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A new study has some humorous comments at Mac owners' expense, but reveals some serious market trends

Mac users and Mac-loving analysts often use phrases like “the halo-effect” to explain increased sales of Mac computers and OS X due to iPods and iPhones.  Now, the stock market site The Street has created a humorous video analysis that offers up a new explanation for this and more commercial phenomena -- the "snob"-effect.

In the video, The Street says that on average Mac users surveyed were discovered to be “self centered, arrogant, conceited” and truly "snobs".  The site says this has many real commercial ramifications, so all jokes aside, the "snob"-factor warrants serious attention.

Mac users, apparently concerned with self-image, were found to buy tooth-whitening products at a far greater rate than PC users.  Mac users are also more likely to visit Starbucks, buy organic food, and own hybrid cars.  Furthermore, Mac users buy on average 5 new pairs of sneakers a year, well above the average for non-users. 

Mac users prefer notebooks to desktops, station wagons to SUVs.  Perhaps unsurprisingly, Mac users prefer "green" products, even at a higher cost.  Perhaps more surprisingly, Mac users are quite law abiding and are more likely than not to pay for music -- perhaps more due to the popularity of iTunes than their moral inclinations.  Mac users are more satisfied with their purchase than PC users.

Interestingly, people surveyed with an "open personality" were found to be 60% more likely to buy a Mac.  Some of the more esoteric observations on Mac users character are flattering, others aren't.  Mac users were found to be more liberal, socially and politically.  Mac users are also less modest and more assured of their own superiority.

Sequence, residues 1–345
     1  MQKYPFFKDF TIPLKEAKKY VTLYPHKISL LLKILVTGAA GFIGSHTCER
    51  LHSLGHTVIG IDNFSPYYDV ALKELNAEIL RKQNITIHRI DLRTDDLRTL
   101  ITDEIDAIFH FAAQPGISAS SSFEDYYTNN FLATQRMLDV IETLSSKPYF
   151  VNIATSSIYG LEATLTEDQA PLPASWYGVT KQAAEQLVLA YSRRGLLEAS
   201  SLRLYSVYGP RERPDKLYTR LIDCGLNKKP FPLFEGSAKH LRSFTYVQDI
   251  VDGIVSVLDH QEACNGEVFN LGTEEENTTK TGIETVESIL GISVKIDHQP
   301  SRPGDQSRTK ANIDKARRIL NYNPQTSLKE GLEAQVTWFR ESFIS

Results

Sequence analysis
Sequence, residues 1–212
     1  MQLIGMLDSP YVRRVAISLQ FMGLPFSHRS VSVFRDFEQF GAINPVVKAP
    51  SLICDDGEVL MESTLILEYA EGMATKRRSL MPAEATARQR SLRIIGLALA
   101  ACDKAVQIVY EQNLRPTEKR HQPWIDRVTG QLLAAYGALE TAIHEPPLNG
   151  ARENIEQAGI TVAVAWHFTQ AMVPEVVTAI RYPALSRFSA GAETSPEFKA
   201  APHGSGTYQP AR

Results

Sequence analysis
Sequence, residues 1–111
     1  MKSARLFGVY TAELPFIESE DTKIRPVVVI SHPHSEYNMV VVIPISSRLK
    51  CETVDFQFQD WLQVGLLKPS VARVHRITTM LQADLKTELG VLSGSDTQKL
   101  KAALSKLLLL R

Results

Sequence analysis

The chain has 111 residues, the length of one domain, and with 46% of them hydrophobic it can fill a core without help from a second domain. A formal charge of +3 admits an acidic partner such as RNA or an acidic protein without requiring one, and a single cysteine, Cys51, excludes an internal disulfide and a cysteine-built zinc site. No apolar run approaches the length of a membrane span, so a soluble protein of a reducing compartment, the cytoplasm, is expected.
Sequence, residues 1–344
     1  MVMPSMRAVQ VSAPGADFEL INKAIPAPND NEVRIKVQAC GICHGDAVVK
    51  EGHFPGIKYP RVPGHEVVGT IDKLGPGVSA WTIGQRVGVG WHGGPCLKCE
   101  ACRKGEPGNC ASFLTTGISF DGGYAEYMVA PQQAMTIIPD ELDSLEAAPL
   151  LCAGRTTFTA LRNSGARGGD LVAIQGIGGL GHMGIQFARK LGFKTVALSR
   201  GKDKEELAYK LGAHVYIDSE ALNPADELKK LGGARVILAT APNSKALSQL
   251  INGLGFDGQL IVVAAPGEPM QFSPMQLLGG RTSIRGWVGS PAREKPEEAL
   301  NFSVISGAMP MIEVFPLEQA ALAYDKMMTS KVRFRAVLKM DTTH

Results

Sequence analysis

The interesting part about The Street's video, is that while obvious poking a bit of fun at the Mac crowd, it does illustrate some practical market trends that can be exploited for the benefit of more effective advertising and marketing to the growing crowd of Mac, iPod, and iPhone "snobs"

Hopefully there won't be too many hurt feelings, and await a possible comment from Apple Inc. CEO Steve Jobs.

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RE: This is funny..
By Donkeyshins on 2/18/2008 2:03:53 PM , Rating: 2
Yes, but it's not exactly the same - I'll wager a not-insignificant percentage of PC power users out there do the rolling upgrade - e.g. upgrade one component (RAM, video card, processor) at a time and very rarely do a full-blown ground-up build. You can't really do that with an Apple. When was the last time you heard a Mac user say "I'm going to build out a new system and keep the case & PSU from my G4 but buy a new Mac Pro motherboard and then go to Newegg and buy a new Core 2 Duo processor."

Case in point - I can trace my current system back to my original 386DX-25 (with coprocessor!) from 1993 - every upgrade has had at least one piece of hardware that has been carried forward.

RE: This is funny..
By kelmon on 2/19/2008 4:00:17 AM , Rating: 2
This is true but I found that upgrading a component of a PC with any great significance generally required you to upgrade the other components to get the best out of it. The performance increases delivered by my GeForce 4 card were not realised properly until the RAM was upgraded from PC133 to DDR. Small changes don't need system-wide upgrades but anything substantial will probably need big changes all around otherwise you just hit a new bottleneck. There's no compulsion to make these changes but it seems a bit of a waste if you aren't getting the best from your new hardware.

It should be noted that a Mac maintains a good degree of its value so buying a new one is not really all that expensive if you sell the old one unless it is very old.

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